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1.  From EHRs to Linked Data: representing and mining encounter data for clinical expertise evaluation 
Translational science, today, involves multidisciplinary teams of scientists rather than single scientists. Teams facilitate biologically meaningful and clinically consequential breakthroughs. There are a myriad of sources of data about investigators, physicians, research resources, clinical encounters, and expertise to promote team interaction; however, much of this information is not connected and is left siloed. Large amounts of data have been published as Linked Data (LD), but there still remains a significant gap in the representation and connection of research resources and clinical expertise data. The CTSAconnect project addresses the problem of fragmentation and incompatible coding of information by creating a Semantic Framework that facilitates the production and consumption of LD about biomedical research resources, clinical activities, as well as investigator and physician expertise.
PMCID: PMC3814477  PMID: 24303330
2.  An ontology-based method for secondary use of electronic dental record data  
A key question for healthcare is how to operationalize the vision of the Learning Healthcare System, in which electronic health record data become a continuous information source for quality assurance and research. This project presents an initial, ontology-based, method for secondary use of electronic dental record (EDR) data. We defined a set of dental clinical research questions; constructed the Oral Health and Disease Ontology (OHD); analyzed data from a commercial EDR database; and created a knowledge base, with the OHD used to represent clinical data about 4,500 patients from a single dental practice. Currently, the OHD includes 213 classes and reuses 1,658 classes from other ontologies. We have developed an initial set of SPARQL queries to allow extraction of data about patients, teeth, surfaces, restorations and findings. Further work will establish a complete, open and reproducible workflow for extracting and aggregating data from a variety of EDRs for research and quality assurance.
PMCID: PMC3845770  PMID: 24303273
3.  Research resources: curating the new eagle-i discovery system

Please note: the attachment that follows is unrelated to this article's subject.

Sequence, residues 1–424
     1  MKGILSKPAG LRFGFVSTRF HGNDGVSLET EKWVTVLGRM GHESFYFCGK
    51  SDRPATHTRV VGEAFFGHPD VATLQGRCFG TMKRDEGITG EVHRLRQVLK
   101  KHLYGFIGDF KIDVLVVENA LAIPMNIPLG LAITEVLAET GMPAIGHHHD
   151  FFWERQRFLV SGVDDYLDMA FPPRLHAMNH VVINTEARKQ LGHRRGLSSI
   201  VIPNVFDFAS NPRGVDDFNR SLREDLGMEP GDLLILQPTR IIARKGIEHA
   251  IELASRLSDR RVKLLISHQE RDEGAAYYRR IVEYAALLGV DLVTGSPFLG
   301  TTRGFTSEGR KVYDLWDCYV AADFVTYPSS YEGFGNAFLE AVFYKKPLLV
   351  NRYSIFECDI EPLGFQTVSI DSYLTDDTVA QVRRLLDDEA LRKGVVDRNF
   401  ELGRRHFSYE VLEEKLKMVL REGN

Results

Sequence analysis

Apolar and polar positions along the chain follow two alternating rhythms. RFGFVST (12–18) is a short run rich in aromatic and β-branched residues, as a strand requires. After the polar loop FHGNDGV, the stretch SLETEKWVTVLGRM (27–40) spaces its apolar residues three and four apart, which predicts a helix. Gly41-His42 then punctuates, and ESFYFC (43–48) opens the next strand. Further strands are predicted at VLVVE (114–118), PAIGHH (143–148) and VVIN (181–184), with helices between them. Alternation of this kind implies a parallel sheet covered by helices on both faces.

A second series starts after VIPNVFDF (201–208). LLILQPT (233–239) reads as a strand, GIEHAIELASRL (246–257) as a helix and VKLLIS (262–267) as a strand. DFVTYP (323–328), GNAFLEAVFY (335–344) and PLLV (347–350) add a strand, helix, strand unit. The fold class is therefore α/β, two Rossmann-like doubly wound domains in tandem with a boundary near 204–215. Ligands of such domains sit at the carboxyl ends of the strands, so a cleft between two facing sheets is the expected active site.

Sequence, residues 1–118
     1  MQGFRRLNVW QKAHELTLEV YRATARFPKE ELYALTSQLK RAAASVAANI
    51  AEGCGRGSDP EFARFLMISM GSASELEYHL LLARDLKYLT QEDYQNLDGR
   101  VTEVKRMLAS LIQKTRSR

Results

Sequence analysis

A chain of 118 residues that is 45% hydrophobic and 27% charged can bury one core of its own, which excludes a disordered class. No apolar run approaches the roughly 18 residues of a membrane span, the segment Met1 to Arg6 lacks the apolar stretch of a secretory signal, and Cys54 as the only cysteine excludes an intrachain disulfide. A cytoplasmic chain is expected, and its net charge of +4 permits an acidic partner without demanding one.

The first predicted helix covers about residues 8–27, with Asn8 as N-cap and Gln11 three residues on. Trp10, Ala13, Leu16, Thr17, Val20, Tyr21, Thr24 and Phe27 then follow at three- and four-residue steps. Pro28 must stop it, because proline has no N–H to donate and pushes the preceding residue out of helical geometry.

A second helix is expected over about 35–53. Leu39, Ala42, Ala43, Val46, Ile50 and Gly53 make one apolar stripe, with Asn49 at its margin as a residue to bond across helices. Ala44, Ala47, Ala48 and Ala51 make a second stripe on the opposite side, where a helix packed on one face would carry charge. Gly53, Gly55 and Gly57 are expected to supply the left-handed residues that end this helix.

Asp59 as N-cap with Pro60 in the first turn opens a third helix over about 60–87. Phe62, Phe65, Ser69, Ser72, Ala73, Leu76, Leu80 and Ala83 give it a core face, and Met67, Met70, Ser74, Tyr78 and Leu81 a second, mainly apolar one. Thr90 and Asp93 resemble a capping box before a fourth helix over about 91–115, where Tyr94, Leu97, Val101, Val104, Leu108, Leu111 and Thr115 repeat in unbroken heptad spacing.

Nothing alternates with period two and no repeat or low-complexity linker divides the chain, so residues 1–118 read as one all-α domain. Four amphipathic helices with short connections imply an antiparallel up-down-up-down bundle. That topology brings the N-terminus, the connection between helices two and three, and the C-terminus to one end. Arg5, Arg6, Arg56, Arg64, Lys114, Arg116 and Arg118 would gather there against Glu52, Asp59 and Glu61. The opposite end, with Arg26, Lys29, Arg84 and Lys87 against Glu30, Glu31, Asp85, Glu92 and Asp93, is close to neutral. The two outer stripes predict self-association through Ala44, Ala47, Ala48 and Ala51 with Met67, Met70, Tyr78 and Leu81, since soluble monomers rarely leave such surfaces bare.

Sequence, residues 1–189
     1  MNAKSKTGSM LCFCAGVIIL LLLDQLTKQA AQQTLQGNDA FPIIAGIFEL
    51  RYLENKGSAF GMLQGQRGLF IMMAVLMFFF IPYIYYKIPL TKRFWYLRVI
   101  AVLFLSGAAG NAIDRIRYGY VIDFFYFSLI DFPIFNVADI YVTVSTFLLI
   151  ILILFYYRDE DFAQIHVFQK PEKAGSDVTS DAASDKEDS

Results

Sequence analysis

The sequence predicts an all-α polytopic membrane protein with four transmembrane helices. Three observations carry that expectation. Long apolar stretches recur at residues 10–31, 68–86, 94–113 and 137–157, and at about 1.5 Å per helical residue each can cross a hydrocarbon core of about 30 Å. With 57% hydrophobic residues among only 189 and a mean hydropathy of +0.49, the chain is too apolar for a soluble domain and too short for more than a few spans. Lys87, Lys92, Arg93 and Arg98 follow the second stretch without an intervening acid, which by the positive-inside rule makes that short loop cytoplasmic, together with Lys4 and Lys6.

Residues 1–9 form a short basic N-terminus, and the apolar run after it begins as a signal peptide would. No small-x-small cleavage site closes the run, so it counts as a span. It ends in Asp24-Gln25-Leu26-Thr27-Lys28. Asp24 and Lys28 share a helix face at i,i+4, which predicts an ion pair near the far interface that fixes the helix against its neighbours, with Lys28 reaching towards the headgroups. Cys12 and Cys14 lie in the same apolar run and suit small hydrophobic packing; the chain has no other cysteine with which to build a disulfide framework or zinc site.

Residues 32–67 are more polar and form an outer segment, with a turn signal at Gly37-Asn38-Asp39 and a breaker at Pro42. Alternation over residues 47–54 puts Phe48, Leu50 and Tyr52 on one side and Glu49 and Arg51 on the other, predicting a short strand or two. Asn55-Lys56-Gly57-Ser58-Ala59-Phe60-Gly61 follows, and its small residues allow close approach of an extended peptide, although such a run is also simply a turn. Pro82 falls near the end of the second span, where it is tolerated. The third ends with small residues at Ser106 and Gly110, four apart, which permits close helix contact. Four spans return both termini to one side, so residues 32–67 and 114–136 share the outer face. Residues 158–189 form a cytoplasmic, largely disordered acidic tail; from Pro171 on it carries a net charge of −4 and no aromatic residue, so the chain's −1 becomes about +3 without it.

Development of biocuration processes and guidelines for new data types or projects is a challenging task. Each project finds its way toward defining annotation standards and ensuring data consistency with varying degrees of planning and different tools to support and/or report on consistency. Further, this process may be data type specific even within the context of a single project. This article describes our experiences with eagle-i, a 2-year pilot project to develop a federated network of data repositories in which unpublished, unshared or otherwise ‘invisible’ scientific resources could be inventoried and made accessible to the scientific community. During the course of eagle-i development, the main challenges we experienced related to the difficulty of collecting and curating data while the system and the data model were simultaneously built, and a deficiency and diversity of data management strategies in the laboratories from which the source data was obtained. We discuss our approach to biocuration and the importance of improving information management strategies to the research process, specifically with regard to the inventorying and usage of research resources. Finally, we highlight the commonalities and differences between eagle-i and similar efforts with the hope that our lessons learned will assist other biocuration endeavors.
Database URL: www.eagle-i.net
doi:10.1093/database/bar067
PMCID: PMC3308157  PMID: 22434835
4.  Uberon, an integrative multi-species anatomy ontology 
Genome Biology  2012;13(1):R5.
We present Uberon, an integrated cross-species ontology consisting of over 6,500 classes representing a variety of anatomical entities, organized according to traditional anatomical classification criteria. The ontology represents structures in a species-neutral way and includes extensive associations to existing species-centric anatomical ontologies, allowing integration of model organism and human data. Uberon provides a necessary bridge between anatomical structures in different taxa for cross-species inference. It uses novel methods for representing taxonomic variation, and has proved to be essential for translational phenotype analyses. Uberon is available at http://uberon.org
doi:10.1186/gb-2012-13-1-r5
PMCID: PMC3334586  PMID: 22293552

Results 1-4 (4)